Delta doesn't disappoint in successful GPS launch
BY JUSTIN RAY
Posted: March 31, 2003
The NAVSTAR Global Positioning System 2R-9 spacecraft rode a three-stage version of Boeing's workhorse Delta 2 rocket from launch pad 17A at Cape Canaveral Air Force Station, Florida. Liftoff occurred 15 minutes late -- as the day's available window was closing at 5:09 p.m. EST -- due to Range Safety issues.
Sixty-eight minutes later while flying over the Guam tracking station, the satellite was successfully deployed into its preliminary orbit.
"This was a flawless launch," proclaimed Will Trafton, the president of Boeing Launch Services.
In a matter of days, GPS 2R-9 will fire its kick motor to finish the journey into the proper orbital perch and undergo a series of checkouts.
Within a month, the Lockheed Martin-built satellite should be a full-fledged member of the GPS constellation, providing three-dimensional position, velocity and timing information 24 hours a day to land, sea and airborne users virtually anywhere on Earth.
The Air Force says the $40 million GPS 2R-9 -- also known as SVN-45 -- will be inserted into the network's Plane D, Slot 3 to replace an aging satellite launched in December 1989. The GPS 2-5 satellite will be shifted toward the D1 slot, making it a "close pair" with the GPS 2A-11 craft already there.
The continuous navigation signals sent from the satellites allow users to find their position in latitude, longitude and altitude and determine time.
The signals are so accurate that time can be figured to less than a millionth of a second, velocity to within a fraction of a mile per hour and location to within a few feet.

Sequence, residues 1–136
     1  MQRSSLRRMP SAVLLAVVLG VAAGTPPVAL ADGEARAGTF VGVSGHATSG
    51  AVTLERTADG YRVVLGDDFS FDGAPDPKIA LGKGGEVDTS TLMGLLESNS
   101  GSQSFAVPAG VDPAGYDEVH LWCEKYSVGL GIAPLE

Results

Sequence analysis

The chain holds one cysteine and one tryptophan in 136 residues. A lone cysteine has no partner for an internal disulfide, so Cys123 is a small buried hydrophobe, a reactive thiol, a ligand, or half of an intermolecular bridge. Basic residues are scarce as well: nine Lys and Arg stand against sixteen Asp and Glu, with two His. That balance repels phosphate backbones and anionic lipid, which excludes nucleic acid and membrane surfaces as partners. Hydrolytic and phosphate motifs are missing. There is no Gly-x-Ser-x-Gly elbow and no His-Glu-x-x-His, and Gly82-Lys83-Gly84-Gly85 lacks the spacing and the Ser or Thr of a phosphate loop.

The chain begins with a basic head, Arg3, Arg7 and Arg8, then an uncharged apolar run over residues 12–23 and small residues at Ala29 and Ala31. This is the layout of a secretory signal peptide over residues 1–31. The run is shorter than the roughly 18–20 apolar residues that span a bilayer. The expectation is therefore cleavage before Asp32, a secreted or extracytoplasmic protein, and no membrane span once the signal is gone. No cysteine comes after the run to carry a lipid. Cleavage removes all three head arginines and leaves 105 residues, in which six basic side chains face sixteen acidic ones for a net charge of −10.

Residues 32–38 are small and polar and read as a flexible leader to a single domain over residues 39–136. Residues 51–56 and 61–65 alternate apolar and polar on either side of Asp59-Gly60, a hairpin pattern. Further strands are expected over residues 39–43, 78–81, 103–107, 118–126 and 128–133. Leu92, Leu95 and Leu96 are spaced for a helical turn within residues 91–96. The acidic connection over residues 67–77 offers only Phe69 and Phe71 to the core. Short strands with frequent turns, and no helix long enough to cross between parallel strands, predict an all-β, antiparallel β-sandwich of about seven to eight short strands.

GPS is crucial to the success of Operation Iraqi Freedom and the ongoing war on terror.
"GPS is like water. Combat forces don't go anywhere without it now. We like to think of the 45th Space Wing as the tap," said Lt. Col. Brad Broemmel, commander of the 1st Space Launch Squadron at Cape Canaveral. All GPS satellites comprising today's orbiting fleet were launched from the Florida spaceport since 1989.
"GPS means precision -- day or night, no matter the weather. It can penetrate smoke, fog and even blowing sand to ensure our forces accomplish their mission with exacting precision with minimal collateral damage," Broemmel added.
During Operation Desert Storm in 1991, GPS was a new tool that wasn't available to the entire fighting force. Troops were sent civilian GPS receivers from family members back home, said Col. Gregg Billman, a combat pilot during the first Gulf War.
Billman flew missions in aircraft with and without GPS aboard. The difference was extraordinary, he said.
"Flying my old 1968-era F-111 E over the expansiveness of Iraq with nothing but a stopwatch, a radar and a map is a big difference," Billman told reporters at a news conference previewing Monday's launch. "(Today) we are able to do what we did in Desert Storm but exponentially better, faster, farther."
With personal GPS receivers being sold in many consumer retail stores, the U.S. military estimates there are millions of civilian users of the network. The GPS market, including equipment and applications, reached $6.2 billion in 2000 and is expected to surpass $50 billion by 2010, the Air Force says.
The Navigation Signal Timing and Ranging Global Positioning System (NAVSTAR GPS) was established in the 1970s to provide the military with navigation data for ground, sea and air forces. The first 11 satellites, known as Block 1, were launched from 1978 through 1985 from Vandenberg Air Force Base in California atop Atlas boosters, and served to test the fundamentals behind the GPS concept.
To form the current constellation, the Block 2 and 2A series satellites started flying from Cape Canaveral in 1989 on the then-new Delta 2.
In 1997, the next-generation series of GPS satellites, called the Block 2R, debuted. However, the first was lost in a launch failure. The second was successfully deployed in July of that year. Monday's Delta 2 flight carried the ninth of 21 satellites in the family.
Block 2R satellites offers technological advancements, additional radiation protection, greater fuel capacity, the ability to determine their own position and two atomic clocks working at all times, providing a "hot backup."
Two more GPS launches are scheduled in the next 11 months -- July 24 and Feb. 17 -- from Cape Canaveral on Delta 2 rockets.
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